Plot: What’s it about?
I’m consistently amazed at the entire “Pirates of the Caribbean” franchise. I mean, look at it. We’ve got four movies that have grossed and merchandised billions of dollars over the last several years and it’s all stemmed from a ride at a Disney theme park. I say again – amazing. Odds are that if you’ve, well, been alive the past decade you’ve no doubt heard of Johnny Depp and the aforementioned “Pirates of the Carribean” films. If you haven’t, I highly doubt you’re reading this review at the moment. Depp embodies his character of Capt. Jack Sparrow like no other, borrowing heavily from Keith Richards and throwing in his own little nuances along the way. Until this fourth installment, he’d had sidekicks played by Keira Knightley and Orlando Bloom. They’ve both gone their separate ways in this film (can anyone tell me why?) but it’s of no consequence. Depp is as entertaining as ever as he once again puts on the false teeth, dreadlocks and infuses our vernacular with the word “savvy.”
This time around we catch up with Jack Sparrow (Johnny Depp) as he’s eluding some British soldiers. He hears through the grapevine that someone is going around using his name and likeness to recruit a crew of men. After a bit of investigating he learns that this person is Angelica (Penelope Cruz), a woman from his past and someone who he didn’t part with on the best of terms. Jack is taken prisoner and he’s told that her (Angelica’s) father, Blackbeard (Ian McShane), has a curse on him and that they need to find Ponce de Leon’s “Fountain of Youth” to save his life. Jack is one of the few who knows the location of the fountain of youth and he’s thereby forced to guide them there. We also meet our old friend Barbossa (Geoffrey Rush) who’s been hired by King George to beat Jack and crew to the fountain. Along the way there be much fighting and many a mermaid. Aye.
I’ll be real honest here, a few of these “Pirates of the Carribean” movies kind of run together for me. If you showed me a still from any four of the films, I’d have a tough time telling you which one it came from. Still, I can’t help but admit that they’re entertaining! They really are. Depp embodies the role of Jack Sparrow with so much character that he’s impossible not to enjoy. Yes, we might have lost Bloom and Knightley but they were easily replaced by Penelope Cruz, Ian McShane and the always-entertaining Geoffrey Rush. The “Pirates of the Caribbean” franchise might be slowing down just a tad, but the movie still managed to make over a billion dollars around the world (and that’s discounting all the marketing and promotions). I don’t think that Disney will let this ship sink anytime soon.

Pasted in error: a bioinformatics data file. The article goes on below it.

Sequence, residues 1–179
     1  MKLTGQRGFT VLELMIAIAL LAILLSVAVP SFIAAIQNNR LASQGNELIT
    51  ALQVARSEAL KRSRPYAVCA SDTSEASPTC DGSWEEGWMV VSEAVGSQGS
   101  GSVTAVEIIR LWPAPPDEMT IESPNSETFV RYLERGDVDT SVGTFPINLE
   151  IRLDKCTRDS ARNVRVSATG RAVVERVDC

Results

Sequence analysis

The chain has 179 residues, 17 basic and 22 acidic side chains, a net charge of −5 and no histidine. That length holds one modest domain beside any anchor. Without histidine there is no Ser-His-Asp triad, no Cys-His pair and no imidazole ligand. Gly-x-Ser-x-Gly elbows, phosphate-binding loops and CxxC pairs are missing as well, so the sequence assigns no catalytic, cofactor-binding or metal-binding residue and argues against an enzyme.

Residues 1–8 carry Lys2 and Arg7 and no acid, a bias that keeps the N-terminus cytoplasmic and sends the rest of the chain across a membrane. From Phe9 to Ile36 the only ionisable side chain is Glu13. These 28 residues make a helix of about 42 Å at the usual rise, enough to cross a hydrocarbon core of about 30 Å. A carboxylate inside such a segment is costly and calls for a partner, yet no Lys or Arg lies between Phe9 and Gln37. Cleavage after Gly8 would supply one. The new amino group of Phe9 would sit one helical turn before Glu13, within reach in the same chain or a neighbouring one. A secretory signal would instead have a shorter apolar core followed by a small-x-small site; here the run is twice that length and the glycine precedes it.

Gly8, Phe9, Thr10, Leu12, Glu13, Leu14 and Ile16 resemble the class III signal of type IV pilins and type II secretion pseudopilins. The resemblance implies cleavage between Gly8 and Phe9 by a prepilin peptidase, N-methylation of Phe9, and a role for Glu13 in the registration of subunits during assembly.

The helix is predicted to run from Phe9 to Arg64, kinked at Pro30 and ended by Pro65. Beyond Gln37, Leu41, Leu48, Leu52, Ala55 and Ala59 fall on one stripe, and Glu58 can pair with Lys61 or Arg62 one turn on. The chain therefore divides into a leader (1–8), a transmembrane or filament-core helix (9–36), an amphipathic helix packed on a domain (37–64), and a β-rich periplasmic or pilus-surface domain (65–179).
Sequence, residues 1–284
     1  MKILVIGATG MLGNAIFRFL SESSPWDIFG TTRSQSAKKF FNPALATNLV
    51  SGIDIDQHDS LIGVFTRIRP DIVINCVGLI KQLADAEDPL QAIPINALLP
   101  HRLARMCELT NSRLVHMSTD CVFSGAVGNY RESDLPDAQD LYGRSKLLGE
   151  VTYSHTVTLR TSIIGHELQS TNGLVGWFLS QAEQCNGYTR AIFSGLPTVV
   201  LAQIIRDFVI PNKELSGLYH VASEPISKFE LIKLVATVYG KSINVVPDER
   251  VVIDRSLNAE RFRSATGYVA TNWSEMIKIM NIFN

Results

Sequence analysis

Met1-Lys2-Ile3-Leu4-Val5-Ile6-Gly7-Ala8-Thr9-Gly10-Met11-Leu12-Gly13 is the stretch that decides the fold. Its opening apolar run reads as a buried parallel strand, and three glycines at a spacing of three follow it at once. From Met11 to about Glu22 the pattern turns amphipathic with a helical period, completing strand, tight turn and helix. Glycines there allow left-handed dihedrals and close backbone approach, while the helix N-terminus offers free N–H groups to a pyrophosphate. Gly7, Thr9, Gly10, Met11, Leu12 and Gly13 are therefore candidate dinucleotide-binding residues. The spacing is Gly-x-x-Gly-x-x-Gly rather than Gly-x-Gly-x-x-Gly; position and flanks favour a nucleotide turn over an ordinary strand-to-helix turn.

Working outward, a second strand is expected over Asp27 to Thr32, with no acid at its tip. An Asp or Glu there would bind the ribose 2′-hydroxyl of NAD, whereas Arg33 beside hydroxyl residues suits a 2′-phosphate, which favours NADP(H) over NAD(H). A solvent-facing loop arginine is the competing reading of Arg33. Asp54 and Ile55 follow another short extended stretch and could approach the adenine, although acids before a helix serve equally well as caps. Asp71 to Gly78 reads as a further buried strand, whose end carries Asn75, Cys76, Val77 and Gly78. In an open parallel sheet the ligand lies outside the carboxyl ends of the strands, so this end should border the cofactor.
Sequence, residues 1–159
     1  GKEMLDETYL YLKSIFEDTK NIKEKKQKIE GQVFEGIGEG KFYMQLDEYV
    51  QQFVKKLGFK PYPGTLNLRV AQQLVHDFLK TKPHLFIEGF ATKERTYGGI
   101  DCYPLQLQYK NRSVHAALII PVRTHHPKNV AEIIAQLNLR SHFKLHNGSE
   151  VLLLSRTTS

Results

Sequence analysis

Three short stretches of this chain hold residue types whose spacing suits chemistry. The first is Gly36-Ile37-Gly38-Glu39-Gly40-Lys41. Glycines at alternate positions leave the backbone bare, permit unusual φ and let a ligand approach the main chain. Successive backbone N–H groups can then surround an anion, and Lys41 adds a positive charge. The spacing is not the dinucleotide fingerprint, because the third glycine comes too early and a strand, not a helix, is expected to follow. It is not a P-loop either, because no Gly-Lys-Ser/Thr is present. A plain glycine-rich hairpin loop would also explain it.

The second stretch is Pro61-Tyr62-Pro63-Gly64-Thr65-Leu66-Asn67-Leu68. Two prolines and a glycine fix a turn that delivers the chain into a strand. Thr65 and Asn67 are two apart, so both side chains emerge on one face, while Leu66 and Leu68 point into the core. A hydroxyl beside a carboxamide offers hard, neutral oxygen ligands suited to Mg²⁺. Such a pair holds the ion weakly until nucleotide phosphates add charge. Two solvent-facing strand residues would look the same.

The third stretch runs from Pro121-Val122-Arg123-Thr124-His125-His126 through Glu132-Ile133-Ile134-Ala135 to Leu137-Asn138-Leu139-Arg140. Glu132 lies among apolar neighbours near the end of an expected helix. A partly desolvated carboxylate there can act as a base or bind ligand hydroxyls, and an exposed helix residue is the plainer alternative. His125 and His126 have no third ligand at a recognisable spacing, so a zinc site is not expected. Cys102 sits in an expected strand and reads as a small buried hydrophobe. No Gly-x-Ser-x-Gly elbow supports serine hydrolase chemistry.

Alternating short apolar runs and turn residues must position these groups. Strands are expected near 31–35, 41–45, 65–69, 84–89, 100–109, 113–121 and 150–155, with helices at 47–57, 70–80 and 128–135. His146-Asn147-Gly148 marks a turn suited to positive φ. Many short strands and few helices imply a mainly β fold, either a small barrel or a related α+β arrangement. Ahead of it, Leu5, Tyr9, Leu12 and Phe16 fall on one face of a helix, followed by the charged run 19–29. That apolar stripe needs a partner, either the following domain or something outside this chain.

Video: How does it look?
It’s no secret that this title is perhaps the biggest title of the year for Disney and that’s being said in a year when “The Lion King” has also been released by the same studio. As with the other three “Pirates” films, this one shines throughout. The 2.40:1 AVC HD transfer is just about as good as they come with only the slightest in errors that prevent it from attaining a perfect score. The movie is long and though some films suffer with their longer running times, this one seems consistently good from beginning to end. Detail is impeccable, showing the strands in Jack’s hair, the black of his teeth and the detail of everything in between. Contrast is amazing that showcases the color palette used here. There are some darker scenes towards the end of the film and while I could be talked into ignoring the few blips that I noticed, I just couldn’t do it. Still, there’s no doubt that this is one impressive-looking picture and I’m hard-pressed to find much of anything to comment negatively on.
Audio: How does it sound?
Now the DTS HD Master Audio soundtrack is perfect. I mean it. Perfect. The previous three films in the franchise all share this trait as well and be it cannons going off, mermaids shrieking in the ocean or Depp’s slurry speech – it all sounds good. The thing that really impressed me was the use of all the channels. I mean, it’s like each channel gets equal time in this film. The surrounds never seem to slow down, always adding some sort of depth to any and all scenes. The LFE are particularly active throughout and the center channel shoulders the brunt of the dialogue. I suppose I can go on and continue to give this soundtrack some more accolades, but why? This is what you bought your home theater for.
Supplements: What are the extras?
About the only thing negative that could be said about this release is the surprising lack of supplements found on the discs. We get an audio commentary with director Rob Marshall and John DeLuca as they dish on the physical challenge of the shoot, the set and costume designs. Compared to the film itself this track is a bit lackluster, but if you’re a die-hard fan – it’s there. “Bloopers of the Caribbean” is just that, a series of outtakes. We wrap up with “Lego Pirates of the Caribbean” which is five shorts done in “Lego” style, re-creating some scenes from the film. There’s a second disc that’s a standard DVD of the film as well as a digital copy for your portable device.